Speak to a member of our team for a free assessment of your eligibility to claim. If your claim is valid, you could get support from a medical negligence specialist from our panel of solicitors in collecting evidence to support your claim.
Compensation for successful medical negligence claims can be made up of two different heads of claim, general and special damages. The physical and psychological impacts of the avoidable harm caused are awarded under general damages.
Solicitors can use the figures from the Judicial College Guidelines (JCG) to assist in the calculation of the value of the harm you have experienced. The JCG is a document published by the Judicial College that lists various different types of harm, with guideline award brackets for each. You can see some of these brackets in the table below.
Please be advised that this table has been included to act as guidance only.
|Type of Harm||Severity||Guideline Amount||Notes|
|Kidney||Serious and Permanent Damage (a)||£169,400 to £210,400||Loss of, or serious and permanent damage to both kidneys|
|Epilepsy||Established Grand Mal||£102,000 to £150,110||Awards for epilepsy depend on whether the attacks are successfully controlled by medication, the effect on work and social life and the prognosis.|
|Bowels||Loss of Function (b)||Up to £150,110||A complete loss of natural bowel function resulting in a dependence on colostomy. The award in this bracket will depend on age.|
|Female Reproductive System||Permanent Sexual Dysfunction (b)||£43,010 to £102,100||The top of this bracket will be applicable in cases with significant medical complications such as multiple surgeries or an ectopic pregnancy.|
|Male Reproductive System||Permanent Sexual Dysfunction (c)||£43,010 to £88,750||Permanent significant sexual dysfunction or impotence in a person with children or who would never have had them.|
|Digestive system||Damage from Traumatic Injury (i)||£43,010 to £61,910||Severe damage to the digestive system causing continuing pain and discomfort.|
|Neck Injuries||Severe (a)(iii)||£45,470 to £55,990||Injuries such as dislocations, soft tissue injuries, ruptured tendons or fractures that result in permanent disability.|
|Loss of hearing||Total Loss of Hearing In One Ear (c)||£31,310 to £45,540||Awards at the upper end of this bracket will account for associated problems such as tinnitus, headaches and dizziness.|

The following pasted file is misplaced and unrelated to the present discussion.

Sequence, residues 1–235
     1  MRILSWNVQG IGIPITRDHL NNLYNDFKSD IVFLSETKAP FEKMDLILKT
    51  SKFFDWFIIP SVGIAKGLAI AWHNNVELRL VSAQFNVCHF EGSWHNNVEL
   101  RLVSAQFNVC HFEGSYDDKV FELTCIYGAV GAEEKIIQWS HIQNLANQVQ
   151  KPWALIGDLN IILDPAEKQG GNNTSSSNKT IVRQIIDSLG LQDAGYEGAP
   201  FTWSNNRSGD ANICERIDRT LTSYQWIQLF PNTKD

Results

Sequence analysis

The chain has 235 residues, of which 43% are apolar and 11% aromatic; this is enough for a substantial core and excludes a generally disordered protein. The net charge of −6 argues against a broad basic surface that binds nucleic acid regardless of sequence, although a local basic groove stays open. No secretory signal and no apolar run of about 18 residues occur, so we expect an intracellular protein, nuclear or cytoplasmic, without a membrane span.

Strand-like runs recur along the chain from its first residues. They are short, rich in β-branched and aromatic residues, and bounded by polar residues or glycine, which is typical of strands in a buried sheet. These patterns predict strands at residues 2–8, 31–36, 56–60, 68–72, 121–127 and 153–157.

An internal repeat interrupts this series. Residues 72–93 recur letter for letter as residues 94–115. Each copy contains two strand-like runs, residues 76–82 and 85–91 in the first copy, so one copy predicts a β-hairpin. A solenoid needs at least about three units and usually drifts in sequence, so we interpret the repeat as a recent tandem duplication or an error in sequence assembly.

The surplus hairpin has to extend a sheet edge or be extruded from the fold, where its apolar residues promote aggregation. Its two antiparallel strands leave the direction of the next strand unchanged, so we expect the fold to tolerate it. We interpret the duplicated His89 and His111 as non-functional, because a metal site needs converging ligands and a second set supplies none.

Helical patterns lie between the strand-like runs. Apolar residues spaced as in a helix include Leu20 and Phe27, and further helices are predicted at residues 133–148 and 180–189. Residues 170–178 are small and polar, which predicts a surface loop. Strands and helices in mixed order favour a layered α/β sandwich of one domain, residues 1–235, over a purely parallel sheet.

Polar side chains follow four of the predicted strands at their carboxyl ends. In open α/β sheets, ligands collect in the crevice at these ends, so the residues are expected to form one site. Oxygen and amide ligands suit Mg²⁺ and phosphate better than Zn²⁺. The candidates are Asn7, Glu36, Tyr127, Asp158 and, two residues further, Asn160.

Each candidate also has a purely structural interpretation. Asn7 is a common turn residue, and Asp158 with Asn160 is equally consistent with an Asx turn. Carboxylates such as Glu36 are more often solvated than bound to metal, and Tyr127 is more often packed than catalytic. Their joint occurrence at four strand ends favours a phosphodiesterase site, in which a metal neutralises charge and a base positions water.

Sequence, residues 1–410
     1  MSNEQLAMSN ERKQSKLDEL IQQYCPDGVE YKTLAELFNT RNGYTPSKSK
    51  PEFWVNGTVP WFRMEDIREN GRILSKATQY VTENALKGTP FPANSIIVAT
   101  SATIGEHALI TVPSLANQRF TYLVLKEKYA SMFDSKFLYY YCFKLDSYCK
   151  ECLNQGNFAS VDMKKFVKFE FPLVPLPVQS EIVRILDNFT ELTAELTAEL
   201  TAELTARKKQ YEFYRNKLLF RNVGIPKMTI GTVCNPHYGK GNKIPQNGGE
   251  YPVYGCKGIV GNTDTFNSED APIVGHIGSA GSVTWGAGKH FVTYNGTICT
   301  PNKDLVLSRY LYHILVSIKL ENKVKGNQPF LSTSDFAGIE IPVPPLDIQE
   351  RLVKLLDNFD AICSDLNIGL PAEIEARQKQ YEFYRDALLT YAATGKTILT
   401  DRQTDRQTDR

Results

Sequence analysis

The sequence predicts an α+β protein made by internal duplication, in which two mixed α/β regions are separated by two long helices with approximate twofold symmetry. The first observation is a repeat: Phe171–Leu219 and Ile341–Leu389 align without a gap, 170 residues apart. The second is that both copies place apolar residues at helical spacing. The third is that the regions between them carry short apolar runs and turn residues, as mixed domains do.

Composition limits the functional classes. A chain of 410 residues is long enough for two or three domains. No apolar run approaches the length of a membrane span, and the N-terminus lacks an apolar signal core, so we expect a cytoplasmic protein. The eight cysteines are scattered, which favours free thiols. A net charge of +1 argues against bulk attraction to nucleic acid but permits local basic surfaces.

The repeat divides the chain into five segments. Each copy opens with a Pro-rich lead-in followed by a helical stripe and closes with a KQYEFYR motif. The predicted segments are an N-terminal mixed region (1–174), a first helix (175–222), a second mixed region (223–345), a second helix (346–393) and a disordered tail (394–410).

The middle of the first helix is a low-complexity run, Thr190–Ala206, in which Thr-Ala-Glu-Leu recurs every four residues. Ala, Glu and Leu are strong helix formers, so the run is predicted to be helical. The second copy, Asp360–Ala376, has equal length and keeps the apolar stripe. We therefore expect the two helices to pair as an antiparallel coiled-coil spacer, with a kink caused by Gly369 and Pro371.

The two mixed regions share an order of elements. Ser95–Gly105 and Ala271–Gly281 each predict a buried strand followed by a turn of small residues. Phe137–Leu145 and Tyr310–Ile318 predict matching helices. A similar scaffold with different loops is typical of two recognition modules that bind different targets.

|Back Injuries||Moderate (b)(i)||£27,760 to £38,780||This bracket will apply in cases such as a lumbar compression fracture resulting in residual disabilities such as osteoarthritis and continuing discomfort.|
|Spleen||Loss of Spleen (a)||£20,800 to £26,290||Loss of the spleen with a continuing risk of disorders or infection stemming from the immune system being compromised.|
Could I Claim Special Damages?
The second of the two heads of claim is called special damages. Special damages awards for the costs incurred due to the avoidable harm you experienced. For example, you could claim back your lost earnings due to time taken off work to recover. You could also claim for any out-of-pocket medical bills such as the prescriptions you need or physiotherapy.
Claiming compensation under special damages will require you to submit supporting evidence. Make sure you keep copies of your payslips, your receipts and other documents that show the losses you incurred.
Our experienced team of advisors can provide a more detailed estimate of the value of your potential claim. Speak to them today via the contact details given below.
As a first step for your potential medical negligence claim, you could get your claim’s validity assessed by our team of advisors. Once it has been decided your claim is valid, our advisors could connect you with a medical negligence claims expert from our panel of solicitors.
Our panel can offer their services under a type of No Win No Fee contract called a Conditional Fee Agreement. You are not required to pay a solicitor upfront to begin work on your case. There are also no fees during the claims process for that work. You would likewise not pay following a failed claim.
You will receive medical negligence compensation following a successful claim. The solicitor will take a legally capped percentage from this compensation. This means that claimants will therefore keep most of their compensation.
To get started with a free assessment of your eligibility to claim, speak to our advisors today via:
See more of our medical negligence claim guides here:
- Learn about how much a payout following a cancer misdiagnosis could be worth.
- Find when you could be eligible to claim stroke misdiagnosis compensation.
- See what your claim could be worth with our guide on care home medication prescription errors.
External resources you may find helpful
- The NHS has prepared extensive resources on cancer which you can see here.
- Read the review on the incidence of diagnostic error in medicine from the British Medical Journal.
- You can find more information on the regulation of doctors in the UK from the General Medical Council here.
Thank you for reading our medical negligence claim FAQ guide. For further information on the medical negligence claims process or a free assessment of your eligibility to claim, speak to our advisors today. You can reach our dedicated team via the contact information given above.